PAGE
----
NSCLC: Genetic Mutations May Determine Likelihood of Metastasis at Diagnosis

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Compared with ALK¬-positive patients, participants with ROS1 rearrangements were less likely to present with extrathoracic and brain metastases.
Compared with ALK¬-positive patients, participants with ROS1 rearrangements were less likely to present with extrathoracic and brain metastases.

Among patients with non–small cell lung cancer (NSCLC), ROS1 and ALK rearrangements may predict different metastasis distributions, according to an article published in JCO Precision Oncology.1

ROS1 mutations, which confer sensitivity to crizotinib, are detected in 1% to 2% of NSCLC cases. Previous study showed that, among patients with ROS1-positive disease, crizotinib delays disease progression for a median of about 19 months, after which treatment resistance evolves.

For this study, researchers attempted to distinguish metastasis distribution among ROS1-positive patients from that among ALK­­-positive patients, given that ALK mutations also confer sensitivity to crizotinib. The researchers also analyzed disease samples taken at different time points from ROS1-positive patients to determine possible mechanisms of crizotinib resistance.

Thirty-nine patients with ROS1 rearrangements and 196 patients with ALK rearrangements were identified; the median ages were 50 and 51, respectively, 72% and 69% were never-smokers, respectively, and 85% and 84% of patients were diagnosed with stage IV disease, respectively.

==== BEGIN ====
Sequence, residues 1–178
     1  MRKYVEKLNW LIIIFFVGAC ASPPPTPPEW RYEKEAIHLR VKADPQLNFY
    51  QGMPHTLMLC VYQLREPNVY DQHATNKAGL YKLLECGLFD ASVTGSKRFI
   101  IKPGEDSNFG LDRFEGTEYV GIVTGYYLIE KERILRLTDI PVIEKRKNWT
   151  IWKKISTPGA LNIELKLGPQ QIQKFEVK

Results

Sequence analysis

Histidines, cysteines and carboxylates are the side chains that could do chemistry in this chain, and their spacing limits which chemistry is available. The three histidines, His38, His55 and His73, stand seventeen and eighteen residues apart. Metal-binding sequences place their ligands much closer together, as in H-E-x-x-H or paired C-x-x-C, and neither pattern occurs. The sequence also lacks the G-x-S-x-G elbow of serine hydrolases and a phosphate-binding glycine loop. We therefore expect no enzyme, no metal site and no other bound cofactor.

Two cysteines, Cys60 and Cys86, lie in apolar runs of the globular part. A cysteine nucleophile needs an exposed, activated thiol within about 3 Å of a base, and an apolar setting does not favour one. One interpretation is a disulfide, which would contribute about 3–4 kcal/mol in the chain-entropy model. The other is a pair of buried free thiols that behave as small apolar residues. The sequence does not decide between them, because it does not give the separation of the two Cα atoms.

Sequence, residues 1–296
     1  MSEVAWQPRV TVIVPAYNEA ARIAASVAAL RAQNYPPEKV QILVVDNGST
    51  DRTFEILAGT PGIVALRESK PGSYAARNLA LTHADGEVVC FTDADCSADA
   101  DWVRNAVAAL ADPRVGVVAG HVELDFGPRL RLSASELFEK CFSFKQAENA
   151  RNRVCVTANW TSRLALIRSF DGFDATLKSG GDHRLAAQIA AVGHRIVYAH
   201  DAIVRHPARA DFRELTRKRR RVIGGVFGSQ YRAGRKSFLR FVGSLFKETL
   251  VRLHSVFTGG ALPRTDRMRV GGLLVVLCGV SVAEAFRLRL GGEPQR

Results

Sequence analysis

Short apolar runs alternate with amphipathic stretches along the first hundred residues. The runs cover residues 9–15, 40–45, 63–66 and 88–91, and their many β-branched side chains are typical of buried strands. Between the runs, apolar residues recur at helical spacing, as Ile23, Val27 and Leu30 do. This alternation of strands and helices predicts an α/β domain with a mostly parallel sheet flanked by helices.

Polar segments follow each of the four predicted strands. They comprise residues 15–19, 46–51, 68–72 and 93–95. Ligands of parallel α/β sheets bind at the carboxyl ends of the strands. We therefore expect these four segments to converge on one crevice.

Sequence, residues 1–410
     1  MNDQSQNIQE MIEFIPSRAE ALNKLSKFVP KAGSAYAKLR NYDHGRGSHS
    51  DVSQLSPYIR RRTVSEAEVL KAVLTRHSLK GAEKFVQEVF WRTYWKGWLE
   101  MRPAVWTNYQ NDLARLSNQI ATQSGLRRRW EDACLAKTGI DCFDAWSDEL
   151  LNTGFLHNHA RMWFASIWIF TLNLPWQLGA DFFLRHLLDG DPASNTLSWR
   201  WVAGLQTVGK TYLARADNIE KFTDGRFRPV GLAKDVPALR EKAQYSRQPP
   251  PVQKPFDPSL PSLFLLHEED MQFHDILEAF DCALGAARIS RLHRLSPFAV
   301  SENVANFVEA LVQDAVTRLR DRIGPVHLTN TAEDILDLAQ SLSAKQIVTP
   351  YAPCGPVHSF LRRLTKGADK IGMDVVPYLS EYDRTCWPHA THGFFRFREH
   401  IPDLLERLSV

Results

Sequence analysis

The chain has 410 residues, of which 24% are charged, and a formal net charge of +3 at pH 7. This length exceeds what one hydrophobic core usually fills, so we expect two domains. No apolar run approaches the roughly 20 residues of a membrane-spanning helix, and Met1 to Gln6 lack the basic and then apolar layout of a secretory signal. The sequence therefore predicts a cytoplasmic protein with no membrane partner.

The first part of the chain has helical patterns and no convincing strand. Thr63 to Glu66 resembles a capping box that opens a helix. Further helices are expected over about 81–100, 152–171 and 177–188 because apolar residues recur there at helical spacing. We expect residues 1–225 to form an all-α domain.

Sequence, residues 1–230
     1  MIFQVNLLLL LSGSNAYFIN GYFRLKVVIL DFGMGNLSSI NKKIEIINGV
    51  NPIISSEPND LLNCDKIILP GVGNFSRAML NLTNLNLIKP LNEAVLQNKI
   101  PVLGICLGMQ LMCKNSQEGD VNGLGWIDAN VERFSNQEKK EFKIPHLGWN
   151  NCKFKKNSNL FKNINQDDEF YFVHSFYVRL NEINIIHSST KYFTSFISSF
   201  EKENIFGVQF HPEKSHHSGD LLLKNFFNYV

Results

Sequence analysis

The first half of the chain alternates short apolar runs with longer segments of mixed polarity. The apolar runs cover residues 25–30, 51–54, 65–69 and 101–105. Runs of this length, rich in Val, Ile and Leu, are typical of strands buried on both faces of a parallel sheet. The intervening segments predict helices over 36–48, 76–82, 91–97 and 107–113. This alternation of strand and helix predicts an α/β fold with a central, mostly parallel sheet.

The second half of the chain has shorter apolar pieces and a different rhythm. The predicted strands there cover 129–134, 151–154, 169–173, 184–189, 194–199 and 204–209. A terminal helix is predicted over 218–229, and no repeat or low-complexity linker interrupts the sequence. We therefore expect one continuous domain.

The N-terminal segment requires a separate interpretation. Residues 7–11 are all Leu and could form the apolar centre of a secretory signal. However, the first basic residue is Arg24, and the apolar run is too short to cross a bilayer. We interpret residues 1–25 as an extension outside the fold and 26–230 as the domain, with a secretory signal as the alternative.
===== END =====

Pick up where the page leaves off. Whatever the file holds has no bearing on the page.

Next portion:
Compared with ALK­-positive patients, participants with ROS1 rearrangements were less likely to present with extrathoracic (59% vs 83.2%) and brain (19.4% vs 39.1%) metastases. At 5 years post-diagnosis this discrepancy continued, with 34% of ROS1-positive patients developing brain metastases vs 73% of ALK­-positive patients.

Despite these findings, patients with ALK-positive disease had a non-significantly longer median overall survival (3 vs 2.5 years; P = .786.)

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After disease progression during crizotinib therapy, biopsy analyses detected ROS1 resistance mutations in 53% of samples, the most common of which was G2032R (41%).

The authors concluded that “efforts to identify and validate mechanisms of resistance to crizotinib among larger cohorts of patients with ROS1-positive NSCLC are needed.”

Reference

  1. Gainor JF, Tseng D, Yoda S, et al. Patterns of metastatic spread and mechanisms of resistance to crizotinib in ROS1-positive non–small-cell lung cancer. JCO Precis Oncol. 2017 Aug 16. doi: 10.1200/PO.17.00063 [Epub ahead of print]

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